The Making of Everlasting Love?

Early last spring when nothing much was flowering, I watched the first blooms of the Everlasting Daisies on the median strips in our neighbourhood and on the daily commute taking my son to school. I watched the daisies follow the sun, close their petals against the rain, cloud cover and as the sun sets and open brightly again on sunny days. I documented them as they faded and went to seed. This coincided with my son’s final day of high school. Both with the promise and hope for new beginnings the following year.A year prior, on the last morning of Vicki Mason’s Fibres West class we learnt to make flower like brooches from computer wire. In July as we set up twentyONE+ there was a skip bin full of discarded computer equipment and cables near the gallery as the University was upgrading their technology systems.

The idea for Everlasting Love? came from these connections –
Our everlasting love with bright shiny new technology, often quickly discarded is resulting in landfill. Will future generations be planting everlasting daisies made from plastic coated copper wire from computer cables as our environment carries this burden of waste?
My vision was a wearable carpet of everlasting flowers.
Each of the 1000+ flowers in this work have been created using UTP computer cabling.
The blue plastic covering was stripped away, the paired wires were untwisted using a cordless drill, then stretched and dyed pink.The flower shapes were then spray painted in three shades of pinkOver 500m of cabling was used. I tried several materials to create the desired “skirt/train” shape and background for the flowers, eventually settling on chicken wire for the lightness and transparency.The “skirt/train” is clipped to adjustable shoulder straps and connected to large metal rings across the waist. The challenge was to make this comfortable for the model as well as quick and easy to remove. The corset has a side zip as well as adjustable lacing. Through experience in wardrobe I know you need the quick change option of a zip. Recycled buttons from Para Quad were hand dyed yellow for the flower centres and pink for the flower buds.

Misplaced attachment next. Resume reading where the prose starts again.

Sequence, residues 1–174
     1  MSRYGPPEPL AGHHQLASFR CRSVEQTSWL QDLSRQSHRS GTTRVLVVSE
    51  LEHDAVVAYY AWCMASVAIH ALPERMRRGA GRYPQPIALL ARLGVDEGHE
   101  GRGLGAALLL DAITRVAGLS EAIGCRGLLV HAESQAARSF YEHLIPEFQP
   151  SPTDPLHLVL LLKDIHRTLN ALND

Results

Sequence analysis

There were lots of trials for the flower buds.The final version being on an armature from wire, felt and sari silk to cover the shoulder straps.
 The completed carpet of flowers.

Wearable Art Mandurah Showcase – What a weekend!

It was a massive weekend. The brilliant showcase, seeing all the finalists garments, meeting up with new friends I have made through this competition, and enjoying the company of family and friends that came along to support me. AND, I’m absolutely thrilled that my entry Everlasting Love? won the Avant-Garde category in the Wearable Art Mandurah showcase last Saturday night.

Above with my darling Dad.

More images of the show here and backstage

There were some amazing artworks by TAFE Fashion and Floristry students in the foyer.

Due to a sell out show in 2016 a second show was also held on Sunday. In conjunction with this matinee show a DADAA initiative offered an enhanced performance for people who are blind or visually impaired. An audio description of the visual elements of the show via a personal headset was offered along with a pre-show tactile tour. We designers were given an opportunity to be involved in the Tactile Tour and asked to bring samples and leftover pieces of the materials we used to make our garments. These included wire, felt, doilies, cane, milk bottles, cool drink bottles, fabrics, wool, buttons and elements of artworks.The participants moved around the room to hear our “mini talks” about the making of our garments and descriptions whilst they touched and felt the materials. This was a very memorable and thought provoking experience for me and the other designers. So much attention in this very visual medium of Wearable Art is given to the story behind the work and the wow factor. It was an absolute pleasure to describe the details of the materials, textures, colours and construction to this very interested audience.

This cheeky guide dog sat on my foot during my talk. There is still a chance to see the amazing WAM artworks up close at the exhibition in August.

Everlasting Love?

Everlasting Love? asks “If we continue to throw away our once loved technology for the latest bright shiny new thing, will we have room to plant flowers? Or will the only flowers be made from landfill contents?”


The 1000+ flowers in this garment are made from over 500m of UTP computer cable. The enclosed eight strands of wire were untwisted, stretched, dyed, wrapped, spray painted and assembled.

These images of the gorgeous Amy on judging day are by photographer Elle Norgard and courtesy of the City of Mandurah.


I am delighted that Everlasting Love? will be in the Wearable Art Mandurah showcase Saturday 10th and Sunday 11th June. Along with La Mariposa and her cocoon.

I’ve just seen the images of all the other finalists and I know the showcase is going to be amazing.
Here is a short video of 2016 showcase:-

To purchase tickets for 2017 showcase  click here

Dates and Times:

Saturday 10th June 6.30pm
Sunday 11th June 2.30pm
Mandurah Performing Arts Centre


Simple Steps to Surface Design